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Fight against GCCD high in ALRTA agenda

Munro says the industry must be prepared to fight back against the NSW carriers contract rules


The Australian Livestock and Rural Transporters Association (ALRTA) has outlined some of its key concerns and priorities for the next 12 months.

Speaking at the Livestock and Rural Transporters Association Victoria (LRTAV) annual conference last weekend, ALRTA president Kevin Keenan and executive director Mathew Munro also mentioned some of the efforts made by the national body in the past one year.

ALRTA expressed concerns with regards to NSW General Carriers Contract Determination (GCCD) and how the recent changes to the determination had the potential to affect operators from other states as well.

Up until now the ALRTA had been treating GCCD as more of a state issue but owing to concerns across the industry and across all states the ALRTA has decided to “get involved and knock that one over too if possible”, Munro said.

“It is the little brother of RSRT that has come back to haunt us. Our council this week decided that the national body should get involved in this issue.”

Another key concern for the national body is the matter of chain of responsibility (CoR) and making it consistent with industry best practice guidelines.

“ALRTA has been looking to improve duties and responsibilities in this [CoR] area, which have been very ambiguous in the past in terms of whether or not preparation of animals prior to transport would be captured by the chain of responsibilities,” Munro said.

“It is one of our priority to keep going with the issue in the next 12 months.

“We will continue to work in this direction to improve the chain of responsibilities regime and make sure it focusses on general duties for instance, effluent issues.”

ALRTA said it will continue to push for better truck washout infrastructure to help livestock farmers battling issues arising from effluent spills.

It also plans to continue its efforts to improve access-related issues, particularly in the rural sector where existing local roads and bridges pose problems for heavy livestock vehicles.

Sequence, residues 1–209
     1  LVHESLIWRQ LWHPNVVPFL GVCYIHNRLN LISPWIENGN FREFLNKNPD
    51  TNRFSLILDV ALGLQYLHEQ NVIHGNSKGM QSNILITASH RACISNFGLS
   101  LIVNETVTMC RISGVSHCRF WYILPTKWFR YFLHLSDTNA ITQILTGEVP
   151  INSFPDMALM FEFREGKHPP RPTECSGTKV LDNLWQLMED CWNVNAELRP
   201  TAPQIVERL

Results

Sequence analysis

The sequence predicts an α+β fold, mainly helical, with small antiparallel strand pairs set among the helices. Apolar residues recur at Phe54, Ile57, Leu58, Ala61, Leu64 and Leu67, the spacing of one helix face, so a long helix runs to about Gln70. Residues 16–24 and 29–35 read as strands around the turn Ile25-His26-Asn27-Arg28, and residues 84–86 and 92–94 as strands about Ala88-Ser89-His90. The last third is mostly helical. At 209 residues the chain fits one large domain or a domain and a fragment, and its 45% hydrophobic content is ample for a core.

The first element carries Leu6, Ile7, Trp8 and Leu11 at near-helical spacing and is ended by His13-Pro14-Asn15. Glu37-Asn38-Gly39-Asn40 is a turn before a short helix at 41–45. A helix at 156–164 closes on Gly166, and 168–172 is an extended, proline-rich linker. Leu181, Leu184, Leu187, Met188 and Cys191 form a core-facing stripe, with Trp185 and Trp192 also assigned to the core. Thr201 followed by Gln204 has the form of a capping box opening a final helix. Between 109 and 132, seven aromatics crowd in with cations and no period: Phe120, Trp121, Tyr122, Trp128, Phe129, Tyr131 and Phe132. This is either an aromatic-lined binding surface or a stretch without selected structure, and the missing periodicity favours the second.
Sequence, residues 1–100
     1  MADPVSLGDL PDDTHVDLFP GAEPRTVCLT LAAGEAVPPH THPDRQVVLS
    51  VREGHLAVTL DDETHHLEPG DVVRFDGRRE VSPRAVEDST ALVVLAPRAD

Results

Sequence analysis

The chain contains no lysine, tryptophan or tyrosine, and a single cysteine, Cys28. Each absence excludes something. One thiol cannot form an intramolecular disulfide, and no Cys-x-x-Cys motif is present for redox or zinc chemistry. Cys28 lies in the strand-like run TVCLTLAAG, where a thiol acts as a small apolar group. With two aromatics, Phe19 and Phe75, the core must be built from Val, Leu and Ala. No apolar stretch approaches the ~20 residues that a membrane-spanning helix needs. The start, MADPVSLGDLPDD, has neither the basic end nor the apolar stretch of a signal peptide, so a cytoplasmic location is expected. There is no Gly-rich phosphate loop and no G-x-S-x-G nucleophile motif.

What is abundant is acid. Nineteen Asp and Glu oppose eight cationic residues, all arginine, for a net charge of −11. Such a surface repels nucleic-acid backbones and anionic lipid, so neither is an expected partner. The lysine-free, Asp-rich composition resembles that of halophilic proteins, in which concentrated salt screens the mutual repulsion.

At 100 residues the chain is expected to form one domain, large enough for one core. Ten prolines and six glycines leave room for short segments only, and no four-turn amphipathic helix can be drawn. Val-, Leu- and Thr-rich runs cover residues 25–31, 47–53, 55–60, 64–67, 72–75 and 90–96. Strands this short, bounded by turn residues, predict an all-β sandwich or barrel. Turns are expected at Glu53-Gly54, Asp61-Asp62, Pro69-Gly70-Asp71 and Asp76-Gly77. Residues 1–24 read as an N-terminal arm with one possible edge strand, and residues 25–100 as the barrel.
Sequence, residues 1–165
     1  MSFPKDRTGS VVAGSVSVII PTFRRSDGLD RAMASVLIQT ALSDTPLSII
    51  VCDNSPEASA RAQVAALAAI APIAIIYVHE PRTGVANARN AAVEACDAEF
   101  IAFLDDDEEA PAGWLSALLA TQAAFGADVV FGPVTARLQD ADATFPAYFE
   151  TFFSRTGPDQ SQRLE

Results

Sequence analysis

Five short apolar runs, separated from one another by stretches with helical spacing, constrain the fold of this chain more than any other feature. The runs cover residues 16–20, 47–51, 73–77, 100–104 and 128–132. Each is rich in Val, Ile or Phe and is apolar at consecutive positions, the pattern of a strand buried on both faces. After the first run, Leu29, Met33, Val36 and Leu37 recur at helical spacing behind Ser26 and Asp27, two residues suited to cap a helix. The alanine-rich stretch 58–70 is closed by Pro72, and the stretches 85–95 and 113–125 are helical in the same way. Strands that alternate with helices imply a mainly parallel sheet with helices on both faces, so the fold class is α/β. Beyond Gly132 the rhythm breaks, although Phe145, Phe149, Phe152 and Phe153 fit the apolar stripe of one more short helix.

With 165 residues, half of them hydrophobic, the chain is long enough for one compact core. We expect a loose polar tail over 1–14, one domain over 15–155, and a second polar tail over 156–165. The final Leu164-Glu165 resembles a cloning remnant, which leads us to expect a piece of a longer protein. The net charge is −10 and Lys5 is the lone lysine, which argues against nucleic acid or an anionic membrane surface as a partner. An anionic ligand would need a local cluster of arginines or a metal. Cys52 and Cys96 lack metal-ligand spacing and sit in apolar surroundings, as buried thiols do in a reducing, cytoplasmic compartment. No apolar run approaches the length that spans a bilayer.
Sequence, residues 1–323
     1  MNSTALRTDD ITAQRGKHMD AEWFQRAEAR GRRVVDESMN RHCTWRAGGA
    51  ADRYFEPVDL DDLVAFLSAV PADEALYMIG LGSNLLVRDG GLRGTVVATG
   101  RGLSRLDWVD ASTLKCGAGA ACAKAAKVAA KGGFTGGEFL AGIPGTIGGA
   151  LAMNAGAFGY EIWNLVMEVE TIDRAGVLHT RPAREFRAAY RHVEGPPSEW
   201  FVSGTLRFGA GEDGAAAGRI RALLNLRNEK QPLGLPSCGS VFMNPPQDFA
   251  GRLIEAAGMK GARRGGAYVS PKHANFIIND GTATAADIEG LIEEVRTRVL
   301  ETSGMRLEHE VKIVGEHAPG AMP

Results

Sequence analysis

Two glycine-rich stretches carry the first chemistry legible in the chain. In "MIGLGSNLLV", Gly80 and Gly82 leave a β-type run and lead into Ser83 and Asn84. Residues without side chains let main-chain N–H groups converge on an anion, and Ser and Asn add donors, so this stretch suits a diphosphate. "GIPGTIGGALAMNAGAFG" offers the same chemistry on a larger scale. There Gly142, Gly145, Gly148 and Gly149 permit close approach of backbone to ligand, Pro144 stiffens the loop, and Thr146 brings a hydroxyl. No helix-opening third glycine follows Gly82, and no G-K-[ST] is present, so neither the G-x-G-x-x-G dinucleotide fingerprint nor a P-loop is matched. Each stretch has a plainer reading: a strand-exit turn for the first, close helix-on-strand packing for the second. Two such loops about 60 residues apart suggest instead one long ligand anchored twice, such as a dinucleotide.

Munro also outlined ALRTA’s plan to push for an industry code of conduct that can look into safety and fairness issues beyond the jural perimeter of the National Heavy Vehicle Regulator (NHVR).

ALRTA has encouraged members to voice their opinion and offer feedback related to its plans for future efforts.

“ALRTA exists to improve your business operating environments, if you have issues you want to address make sure you engage with ALRTA,” Keenan said.

ALRTA has launched a new logo and announced plans to move its office to the current Australian Trucking Association (ATA) office building in Canberra.

It recently adopted a new constitution that “modernises the operations of the secretariat” and sets out fixed terms for election cycles.

Munro announced that ALRTA will soon appoint a new executive while Keenan will remain president of the association for the twelve months after October 1 this year.

The Road Safety Remuneration Tribunal (RSRT) and its Contractor Driver Minimum Payment Road Safety Remuneration Order (RSRO) may be gone but they are certainly not forgotten, and with the Transport Workers Union (TWU) hoping that Labor could help reinstate the tribunal if it comes back in power in the future, the fear in the industry seems justifiable.

The subject came up again at the LRTAV conference, with ALRTA stating that making sure the RSRT and a minimum rates order does not re-emerge is a matter of key concern for the national body.

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